It seems easy enough, yet we humans struggle to appreciate the present. Why? We frequently speak only of the future — but what about building your now? You hear, “Know your why.” Start thinking, “Know your now.”
Some people think we lose out on fantastic moments because we are too busy rehashing previous events or preparing for the future. We seldom pause to smell the flowers. We don’t enjoy the moment. Keep the destructive process from becoming the precedent.
It’s sad not to be in your own personal time zone — since we don’t know how many more moments we’ll have. Meditation and many of the healthy habits we work to learn are all about living in the now.
Go ahead and plan your life in detail.
This is not suggesting we spend less time planning. To leave out the planning is terrible counsel. Setting goals is critical to our personal and professional happiness. Setting and achieving realistic objectives fosters personal accountability. Careful planning is a kind of goal-setting that gives significance to our lives since it requires devotion, hard effort, and tenacity to achieve.
Some people feel our culture has gotten obsessed with planning. We frequently speak about constructing for the future, but what about building the now? We all want true pleasure, and to experience it, we must live in the now. Focusing only on the future causes tension and negative thoughts and even uncertainty to enter our thought processes.
Why should you concentrate on living now instead of preparing too far ahead?
1. Right now is the only moment you can control.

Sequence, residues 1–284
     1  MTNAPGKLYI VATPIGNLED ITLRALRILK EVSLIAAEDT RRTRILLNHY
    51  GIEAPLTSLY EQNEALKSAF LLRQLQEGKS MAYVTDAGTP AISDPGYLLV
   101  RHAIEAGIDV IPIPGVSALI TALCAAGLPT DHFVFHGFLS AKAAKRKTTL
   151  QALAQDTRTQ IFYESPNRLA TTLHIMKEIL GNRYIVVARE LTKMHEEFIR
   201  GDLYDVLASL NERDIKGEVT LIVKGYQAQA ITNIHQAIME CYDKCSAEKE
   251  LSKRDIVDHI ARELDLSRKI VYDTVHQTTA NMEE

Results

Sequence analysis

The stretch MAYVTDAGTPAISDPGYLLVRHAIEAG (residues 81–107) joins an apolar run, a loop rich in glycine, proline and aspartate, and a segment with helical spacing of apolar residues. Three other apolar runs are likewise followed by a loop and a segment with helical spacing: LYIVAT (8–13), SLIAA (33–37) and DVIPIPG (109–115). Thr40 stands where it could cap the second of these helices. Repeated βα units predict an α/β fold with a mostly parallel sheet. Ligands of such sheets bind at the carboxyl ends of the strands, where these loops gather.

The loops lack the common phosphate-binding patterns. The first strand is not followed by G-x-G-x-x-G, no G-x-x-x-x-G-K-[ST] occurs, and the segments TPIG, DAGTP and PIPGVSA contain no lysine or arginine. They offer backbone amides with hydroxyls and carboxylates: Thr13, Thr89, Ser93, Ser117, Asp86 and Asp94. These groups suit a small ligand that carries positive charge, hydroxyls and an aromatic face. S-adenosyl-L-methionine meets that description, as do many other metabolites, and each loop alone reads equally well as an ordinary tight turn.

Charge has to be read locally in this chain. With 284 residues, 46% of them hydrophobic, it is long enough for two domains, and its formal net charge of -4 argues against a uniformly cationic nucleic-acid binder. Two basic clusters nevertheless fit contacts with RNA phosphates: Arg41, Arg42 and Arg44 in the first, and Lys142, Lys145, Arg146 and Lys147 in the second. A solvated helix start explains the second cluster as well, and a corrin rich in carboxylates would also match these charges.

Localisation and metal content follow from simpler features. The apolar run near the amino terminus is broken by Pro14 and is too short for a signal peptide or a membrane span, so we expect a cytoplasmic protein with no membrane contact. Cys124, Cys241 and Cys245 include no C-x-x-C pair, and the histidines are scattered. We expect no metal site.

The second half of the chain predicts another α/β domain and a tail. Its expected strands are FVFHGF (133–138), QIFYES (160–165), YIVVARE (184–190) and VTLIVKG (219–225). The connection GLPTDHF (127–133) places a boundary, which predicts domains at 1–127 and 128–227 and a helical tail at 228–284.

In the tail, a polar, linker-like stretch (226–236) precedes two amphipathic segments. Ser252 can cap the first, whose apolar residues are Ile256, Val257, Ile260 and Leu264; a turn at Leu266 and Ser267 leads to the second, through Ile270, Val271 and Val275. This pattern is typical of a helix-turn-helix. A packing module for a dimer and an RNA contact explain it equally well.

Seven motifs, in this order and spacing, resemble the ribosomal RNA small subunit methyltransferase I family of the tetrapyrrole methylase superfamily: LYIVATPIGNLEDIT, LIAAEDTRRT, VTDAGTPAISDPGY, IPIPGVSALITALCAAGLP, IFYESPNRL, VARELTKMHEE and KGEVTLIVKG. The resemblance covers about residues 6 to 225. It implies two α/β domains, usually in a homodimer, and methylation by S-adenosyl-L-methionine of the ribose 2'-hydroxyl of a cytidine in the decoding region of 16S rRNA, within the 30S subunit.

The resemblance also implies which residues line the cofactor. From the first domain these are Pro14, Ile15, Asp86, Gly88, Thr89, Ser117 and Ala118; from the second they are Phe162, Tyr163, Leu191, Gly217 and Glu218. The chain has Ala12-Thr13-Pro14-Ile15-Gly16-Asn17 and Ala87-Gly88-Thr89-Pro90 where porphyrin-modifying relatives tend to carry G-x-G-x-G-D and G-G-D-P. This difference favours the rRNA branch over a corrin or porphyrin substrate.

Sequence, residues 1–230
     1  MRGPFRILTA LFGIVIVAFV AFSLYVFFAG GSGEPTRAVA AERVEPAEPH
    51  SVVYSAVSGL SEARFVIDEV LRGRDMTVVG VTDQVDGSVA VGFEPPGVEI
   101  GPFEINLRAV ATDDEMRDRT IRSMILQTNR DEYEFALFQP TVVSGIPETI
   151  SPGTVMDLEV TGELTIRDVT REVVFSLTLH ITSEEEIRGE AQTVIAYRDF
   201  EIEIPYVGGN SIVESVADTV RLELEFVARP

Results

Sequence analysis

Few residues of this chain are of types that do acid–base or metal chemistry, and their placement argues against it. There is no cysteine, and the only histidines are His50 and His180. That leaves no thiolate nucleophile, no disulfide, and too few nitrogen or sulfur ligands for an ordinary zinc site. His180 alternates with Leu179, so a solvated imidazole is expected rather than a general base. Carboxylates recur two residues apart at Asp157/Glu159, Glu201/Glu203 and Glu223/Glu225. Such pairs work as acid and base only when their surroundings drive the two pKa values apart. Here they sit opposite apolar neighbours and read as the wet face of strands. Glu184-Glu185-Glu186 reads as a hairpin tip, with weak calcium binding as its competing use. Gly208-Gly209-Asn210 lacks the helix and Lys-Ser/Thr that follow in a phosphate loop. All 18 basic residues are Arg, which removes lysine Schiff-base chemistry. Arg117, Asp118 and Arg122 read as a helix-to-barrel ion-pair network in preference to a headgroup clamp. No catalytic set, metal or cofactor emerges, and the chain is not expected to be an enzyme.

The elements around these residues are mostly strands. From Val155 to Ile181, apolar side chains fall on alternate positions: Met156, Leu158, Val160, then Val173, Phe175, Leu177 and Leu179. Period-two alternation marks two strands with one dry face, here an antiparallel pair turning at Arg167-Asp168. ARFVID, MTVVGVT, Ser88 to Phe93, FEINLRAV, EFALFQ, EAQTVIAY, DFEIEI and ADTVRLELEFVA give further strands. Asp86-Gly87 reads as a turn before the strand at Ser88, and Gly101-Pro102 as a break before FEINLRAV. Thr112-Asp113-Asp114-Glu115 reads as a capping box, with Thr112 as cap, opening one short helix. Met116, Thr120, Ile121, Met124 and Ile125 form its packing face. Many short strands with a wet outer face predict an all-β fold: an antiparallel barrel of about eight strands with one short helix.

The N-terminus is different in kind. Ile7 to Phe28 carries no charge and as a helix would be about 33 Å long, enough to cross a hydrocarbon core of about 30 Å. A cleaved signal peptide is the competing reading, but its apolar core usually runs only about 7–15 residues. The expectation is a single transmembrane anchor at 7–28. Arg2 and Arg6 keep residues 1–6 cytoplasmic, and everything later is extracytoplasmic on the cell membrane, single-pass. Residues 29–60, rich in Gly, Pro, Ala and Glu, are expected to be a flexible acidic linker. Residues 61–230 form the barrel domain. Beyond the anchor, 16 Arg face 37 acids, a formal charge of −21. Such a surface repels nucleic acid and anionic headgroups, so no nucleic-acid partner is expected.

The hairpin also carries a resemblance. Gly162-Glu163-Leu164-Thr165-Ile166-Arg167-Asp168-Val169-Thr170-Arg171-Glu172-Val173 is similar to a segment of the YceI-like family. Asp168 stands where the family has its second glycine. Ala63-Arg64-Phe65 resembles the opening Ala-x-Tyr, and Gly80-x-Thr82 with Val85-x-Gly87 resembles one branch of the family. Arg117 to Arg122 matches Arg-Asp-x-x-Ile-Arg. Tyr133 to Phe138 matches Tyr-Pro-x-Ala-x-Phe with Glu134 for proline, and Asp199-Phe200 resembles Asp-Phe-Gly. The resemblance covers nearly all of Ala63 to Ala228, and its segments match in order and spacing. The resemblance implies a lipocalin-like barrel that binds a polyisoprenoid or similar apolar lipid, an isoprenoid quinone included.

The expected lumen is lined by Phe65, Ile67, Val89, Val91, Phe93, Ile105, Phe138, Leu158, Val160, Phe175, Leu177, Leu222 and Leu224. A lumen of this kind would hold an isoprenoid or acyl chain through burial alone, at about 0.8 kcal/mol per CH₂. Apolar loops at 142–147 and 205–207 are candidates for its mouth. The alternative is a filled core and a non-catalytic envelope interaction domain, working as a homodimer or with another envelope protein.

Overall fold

No matter how much you plan, you can never predict how life will unfold. You will only know when you are there.
The only moment you can control is this one right now. You may either appreciate or despise the situation. And of course, you may also choose to squander the moment by ignoring it, but the choice is yours.
Planning won’t get you out of the moment. It may help you achieve your objectives, but it will not enhance your current quality of life. Planning for the future won’t ensure a desirable result, so why not focus on the now?
2. Enjoy every minute in the now.
Nobody knows how many moments you will get to experience. This is vital to understand. Nobody knows when their next moment will be gone. Your next moment isn’t specific, so why not make the most of it?
You can’t have this perspective if you’re always planning your next level. You can only feel this excitement for life by living in the now. It’s trite and impractical, but it’s true.
Don’t waste time. Plan when needed, but not at the price of enjoying the moment. Life is brief, so enjoy it while you can.
3. Being present reduces stress.
Too much future and past thinking generate stress. Some of the stress that comes from not living now may be harmful to one’s mental, physical, and emotional health. Yes, your thinking takes a controlled effort to remain within a balanced life — but the effort will be worth it.
The over-planners hinder themselves from living in the present and cause unneeded tension in their life. Invigorate your life with present-focused living practices.